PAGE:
Guy Adams (@guyadams) July 31, 2012
Some people refrain from using Twitter because of its potential to get them in trouble. Actually, Twitter is more of a conduit for people to get themselves in trouble–Anthony Weiner, Spike Lee, Alec Baldwin, any Kardashian–the list is long of those who’ve thrown discretion to the wind on the micro-blogging site.
But even Twitter isn’t immune to the backlash of social media, even from its own users. When Twitter suspended the account of a Los Angeles-based reporter for The Independent, a U.K. newspaper, its users unleashed a howl of protest in which the reporter’s name, Guy Adams, became a trending topic with the hashtag #saveguyadams. As a result of the Guy Adams issue, we also saw increased usage of the #nbcfail hashtag, which a web designer from Illionois launched on July 26 for other programming reasons.
Adams’s transgression started in the form of a tweeted complaint about NBC’s delayed broadcasts of the Olympics opening ceremonies. He also tweeted the supposed email address of Gary Zenkel, whose title is listed on www.nbcuni.com as President, NBC Olympics & Executive Vice President, Strategic Partnerships, NBC Sports, NBC Sports Group. (Try saying that five times fast.)
Adams advised other frustrated viewers to email complaints to Zenkel and provided an email address, which we’ve chosen not to repeat here.
Twitter said Adams violated its user policy by publishing private information (in this case an email address) about another user.
First off, it’s not clear that Zenkel’s business email is “public” as some Adams advocates have charged because none of the corporate email addresses of NBCUniversal’s executives are listed on its web page. Because of those omissions, one could argue that these business email addresses are considered “private.” If so, then Adams clearly violated the Twitter user policy.
Additionally, it’s highly unlikely that Zenkel made a unilateral decision about when to air the opening ceremonies in the United States. So why spam his email address? What would it accomplish?
NBCUniversal provides an email address specifically for viewer feedback: firstname.lastname@example.org. A concentrated effort to air grievances to that address is much more likely to be taken seriously.
While Twitter’s outright suspension of Adams’s account is questionable, especially in light of the backlash by Twitter users charging censorship, we think Adams was wrong to publish the email address. Twitter also erred in suspending the account without initial explanation. A warning from Twitter to Adams and a request to delete the tweet should have been sufficient.
UPDATE: Twitter has reinstated Guy Adams’s account: http://adage.com/article/digital/twitter-apologizes-suspending-nbc-bashing-journalist/236419/
Strong writing skills, strategic communications acumen, and being a good listener are some of the basic skills needed to be an effective and successful PR practitioner, according to our own Sam DiGennaro, CEO and founder of DiGennaro Communications.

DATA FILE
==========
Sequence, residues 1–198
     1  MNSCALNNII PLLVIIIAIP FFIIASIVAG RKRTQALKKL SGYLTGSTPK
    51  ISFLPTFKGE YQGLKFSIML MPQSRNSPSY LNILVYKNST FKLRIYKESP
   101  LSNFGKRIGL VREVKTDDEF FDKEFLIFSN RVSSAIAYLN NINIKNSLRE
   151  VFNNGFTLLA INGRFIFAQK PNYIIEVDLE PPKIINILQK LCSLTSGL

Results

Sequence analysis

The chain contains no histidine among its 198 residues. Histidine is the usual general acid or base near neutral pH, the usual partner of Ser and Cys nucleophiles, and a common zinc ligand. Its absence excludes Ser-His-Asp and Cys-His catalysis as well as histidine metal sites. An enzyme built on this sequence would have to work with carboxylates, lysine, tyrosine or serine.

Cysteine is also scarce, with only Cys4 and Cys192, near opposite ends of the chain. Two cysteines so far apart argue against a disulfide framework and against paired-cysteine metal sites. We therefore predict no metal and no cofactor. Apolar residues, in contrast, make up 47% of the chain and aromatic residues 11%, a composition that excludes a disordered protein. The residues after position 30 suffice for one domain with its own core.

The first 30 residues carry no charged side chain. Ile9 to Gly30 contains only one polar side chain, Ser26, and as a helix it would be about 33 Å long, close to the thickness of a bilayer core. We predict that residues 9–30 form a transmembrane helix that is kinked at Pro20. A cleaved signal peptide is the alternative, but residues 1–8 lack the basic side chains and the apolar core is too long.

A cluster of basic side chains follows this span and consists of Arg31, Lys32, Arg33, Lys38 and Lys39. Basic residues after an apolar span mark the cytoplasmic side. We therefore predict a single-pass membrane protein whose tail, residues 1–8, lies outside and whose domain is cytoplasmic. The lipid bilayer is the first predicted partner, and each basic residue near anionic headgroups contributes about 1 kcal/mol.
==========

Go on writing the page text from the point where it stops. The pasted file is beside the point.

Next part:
“I was an art undergraduate/English major and had no idea what PR was,” DiGennaro said of her college years. She honed her craft in the communications departments of advertising agencies such as D’Arcy Masius Benton & Bowles and J. Walter Thompson, which she left in 2006 to start her own firm, which serves advertising, marketing, media and B2B entertainment companies. “The younger folks we’re seeing now studied PR and are excited about getting into this industry.”
DiGennaro offered her thoughts during a panel session, “Tomorrow’s PR Professional: How Agile Will You Have to Be” at the 4A’s PR conference held in New York April 26-27. She and fellows panelists, Barri Rafferty of Ketchum, Judith Harrison of Golin Harris and TR Straub of Heyman Associates agreed that storytelling skills, especially in multimedia, are increasingly in demand.
“You also need to be a news junkie and know how to sniff out the news and slice and dice all the messages,” DiGennaro continued. “[PR] also [includes] the ability to take a deep breath, get your head around how to go forward and make sure the counsel you’re sending to a client is sound and strategic.”
Straub, a recruiter specializing in placing internal communications specialists, said he looks for candidates with a strong business sense—those who understand how their actions drive the bottom line of the companies they work for.
PR Week editor Steve Barrett was the moderator and asked the panelists what business issue keeps them up at night.
“Finding people at the senior levels who understand the business and really want to run a global account,” Rafferty said, adding that leaders need to have an understanding of the global marketing space and be able to keep up with everything. “All of us our competing for the same digital talent. People don’t have enough digital strategy talent.”